Continuing three years of exploration and development at the intersection of mapping and time; a quick post about two new things I've been working on at Stamen.
Last week we released a Historical Hurricane map for msnbc.com, a follow up to our forecast tracker from last year which was recently accepted into the SIGGRAPH Information Aesthetics showcase. You can read more about the historical map on the Stamen site, or just go ahead and explore the finished thing:
Further to our updates earlier last month, we just released another round of improvements to Oakland Crimespotting. Mike and Eric have full details. I'm particularly pleased that we're able to open up our archive of around two years worth of data, but also that we're able to try something new with an interface for filtering by time of day.
We jokingly started calling this a time pie, and now we're stuck with it... in a good way. I'm still not 100% sure it's intuitive, but I think that working the real sunrise and sunset times in there should help. The only comparable interface I could find was this:
If you know of any other similar ways of selecting/filtering 24 hours, let me know in the comments!
We've been working on some updates to Oakland Crimespotting recently and Mike released the first iteration today. The most significant change is a switch to base maps using OpenStreetMap data. We're using the Pale Dawn cartography that we (Stamen) designed for CloudMade exactly as it's intended: a subtle backdrop for data that still includes the richer local information that OpenStreetMap contributors (like Mike) cover best.
Other changes we've made include numerous small performance optimisations, new sliders in the marker info-bubbles, date labels on the timeline and the crime-type filters now double as a full legend. The whole thing has had a design overhaul too thanks to Geraldine.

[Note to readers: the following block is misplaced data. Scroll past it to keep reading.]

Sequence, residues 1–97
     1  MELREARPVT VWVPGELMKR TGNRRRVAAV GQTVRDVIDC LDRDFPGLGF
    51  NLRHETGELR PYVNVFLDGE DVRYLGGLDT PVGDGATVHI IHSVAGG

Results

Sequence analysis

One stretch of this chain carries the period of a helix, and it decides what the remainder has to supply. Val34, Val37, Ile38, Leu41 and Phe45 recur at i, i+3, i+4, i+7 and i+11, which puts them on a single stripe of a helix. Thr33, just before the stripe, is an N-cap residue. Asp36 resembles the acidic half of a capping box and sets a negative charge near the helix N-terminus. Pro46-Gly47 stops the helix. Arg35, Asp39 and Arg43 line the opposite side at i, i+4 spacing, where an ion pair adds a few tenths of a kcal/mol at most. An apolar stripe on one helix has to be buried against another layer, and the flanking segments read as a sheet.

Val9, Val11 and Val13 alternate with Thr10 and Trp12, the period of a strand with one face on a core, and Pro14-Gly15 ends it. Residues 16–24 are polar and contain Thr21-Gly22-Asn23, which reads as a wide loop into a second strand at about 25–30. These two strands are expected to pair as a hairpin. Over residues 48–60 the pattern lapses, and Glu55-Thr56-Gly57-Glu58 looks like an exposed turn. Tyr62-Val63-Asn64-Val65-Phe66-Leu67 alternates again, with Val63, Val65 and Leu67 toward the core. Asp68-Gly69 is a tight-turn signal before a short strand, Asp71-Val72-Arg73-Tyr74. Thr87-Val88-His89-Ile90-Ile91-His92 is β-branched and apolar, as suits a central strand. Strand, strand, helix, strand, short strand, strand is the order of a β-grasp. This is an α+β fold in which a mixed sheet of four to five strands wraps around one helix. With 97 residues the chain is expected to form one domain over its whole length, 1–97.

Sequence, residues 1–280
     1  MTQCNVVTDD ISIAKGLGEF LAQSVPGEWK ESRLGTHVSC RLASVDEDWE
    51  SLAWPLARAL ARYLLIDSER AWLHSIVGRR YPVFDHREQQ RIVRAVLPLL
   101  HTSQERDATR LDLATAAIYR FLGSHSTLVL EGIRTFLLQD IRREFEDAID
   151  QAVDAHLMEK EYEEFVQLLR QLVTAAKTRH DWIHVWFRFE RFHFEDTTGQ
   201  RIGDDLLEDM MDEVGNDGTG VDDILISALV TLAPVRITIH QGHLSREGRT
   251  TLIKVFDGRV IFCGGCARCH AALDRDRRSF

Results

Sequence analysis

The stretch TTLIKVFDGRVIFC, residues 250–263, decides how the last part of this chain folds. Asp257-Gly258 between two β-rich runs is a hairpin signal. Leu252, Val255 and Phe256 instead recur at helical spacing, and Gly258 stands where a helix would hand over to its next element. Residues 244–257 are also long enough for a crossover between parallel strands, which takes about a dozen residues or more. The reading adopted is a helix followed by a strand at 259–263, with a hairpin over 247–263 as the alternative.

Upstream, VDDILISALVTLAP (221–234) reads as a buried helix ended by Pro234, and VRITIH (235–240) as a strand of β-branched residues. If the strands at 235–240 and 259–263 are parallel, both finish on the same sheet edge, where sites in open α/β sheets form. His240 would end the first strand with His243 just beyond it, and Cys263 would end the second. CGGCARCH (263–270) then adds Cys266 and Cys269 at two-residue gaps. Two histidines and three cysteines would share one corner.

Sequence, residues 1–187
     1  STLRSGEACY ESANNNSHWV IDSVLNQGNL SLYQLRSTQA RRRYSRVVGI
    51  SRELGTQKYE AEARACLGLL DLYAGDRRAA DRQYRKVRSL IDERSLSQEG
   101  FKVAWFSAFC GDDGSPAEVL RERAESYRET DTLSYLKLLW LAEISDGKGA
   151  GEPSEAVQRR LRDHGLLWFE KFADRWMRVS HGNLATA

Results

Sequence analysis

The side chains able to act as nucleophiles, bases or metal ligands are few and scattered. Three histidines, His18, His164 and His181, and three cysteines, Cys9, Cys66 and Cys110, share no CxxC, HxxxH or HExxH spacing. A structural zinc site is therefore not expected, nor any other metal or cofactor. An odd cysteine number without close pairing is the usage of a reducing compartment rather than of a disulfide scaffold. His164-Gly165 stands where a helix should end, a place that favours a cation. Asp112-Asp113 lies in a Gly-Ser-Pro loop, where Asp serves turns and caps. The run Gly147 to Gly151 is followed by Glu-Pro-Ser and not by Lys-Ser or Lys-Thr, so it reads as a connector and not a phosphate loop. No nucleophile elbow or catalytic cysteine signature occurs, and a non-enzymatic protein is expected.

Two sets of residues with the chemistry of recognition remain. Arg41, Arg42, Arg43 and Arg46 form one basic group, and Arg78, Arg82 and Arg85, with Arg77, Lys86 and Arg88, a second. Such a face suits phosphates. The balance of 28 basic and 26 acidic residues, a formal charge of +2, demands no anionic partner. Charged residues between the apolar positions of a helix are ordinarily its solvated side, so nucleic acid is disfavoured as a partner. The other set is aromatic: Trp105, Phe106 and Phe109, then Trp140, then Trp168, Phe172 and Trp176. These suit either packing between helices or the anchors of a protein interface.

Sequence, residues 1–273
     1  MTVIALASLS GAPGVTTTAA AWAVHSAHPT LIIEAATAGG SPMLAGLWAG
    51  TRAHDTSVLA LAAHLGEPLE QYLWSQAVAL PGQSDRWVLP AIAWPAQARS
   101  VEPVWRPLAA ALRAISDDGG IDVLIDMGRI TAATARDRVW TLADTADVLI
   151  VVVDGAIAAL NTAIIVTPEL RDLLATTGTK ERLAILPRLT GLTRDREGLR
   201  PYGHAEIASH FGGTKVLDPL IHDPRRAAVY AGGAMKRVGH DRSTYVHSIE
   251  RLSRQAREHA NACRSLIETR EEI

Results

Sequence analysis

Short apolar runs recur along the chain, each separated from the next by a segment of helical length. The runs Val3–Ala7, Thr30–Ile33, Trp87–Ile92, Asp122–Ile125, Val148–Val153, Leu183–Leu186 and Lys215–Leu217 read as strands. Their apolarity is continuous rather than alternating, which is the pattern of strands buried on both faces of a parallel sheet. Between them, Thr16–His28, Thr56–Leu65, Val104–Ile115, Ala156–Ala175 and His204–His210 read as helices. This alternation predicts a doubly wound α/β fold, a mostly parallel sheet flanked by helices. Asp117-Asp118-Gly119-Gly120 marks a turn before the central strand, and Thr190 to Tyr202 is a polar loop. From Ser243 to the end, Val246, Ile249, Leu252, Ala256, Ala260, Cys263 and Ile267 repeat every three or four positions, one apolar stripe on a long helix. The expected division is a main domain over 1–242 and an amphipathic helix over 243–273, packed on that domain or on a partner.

We've got a few more features planned for release soon, and we've started a blog to keep track of new developments. Now is a great time to let us know if you have suggestions or feature requests! Feel free to leave a comment here or email firstname.lastname@example.org if you prefer.
Liz Goodman recently invited Mike and I to speak at the UC Berkeley School of Information. We took the opportunity to give a full length talk about a single project, Oakland Crimespotting, which is something of a rarity since we normally try talk about lots of things a little bit, rather than one thing in depth.
Mike started and finished the talk with an in-depth look at the motivations, technical details and social issues surrounding the site, which you can read about on his blog. In the middle I gave a brief overview of related projects and talked about the how the site sits alongside our other mapping work at Stamen. Mike suggested I use a reverse-chronological narrative structure that he liked from a book about Polish history, so I started with the stuff we've finished recently and working back to Stamen's early work with MoveOn and Mappr.
Mike has since reprised the talk for the journalism school, and the whole hour is up on Youtube (part 2 here) if you have time to watch it. Alternatively, you can attempt to simultaneously read the full version of this post and Mike's post together to get a wordier overview of what we talked about.
[At this point Mike has briefly introduced the Oakland Crime site and flash map, and hands over to me for related projects and studio context]
Mike and I have been working on this all week, and it's time to let people see it.
Hopefully the site is self-explanatory, because now I have to work on all the things I wasn't working on so we could get it out there!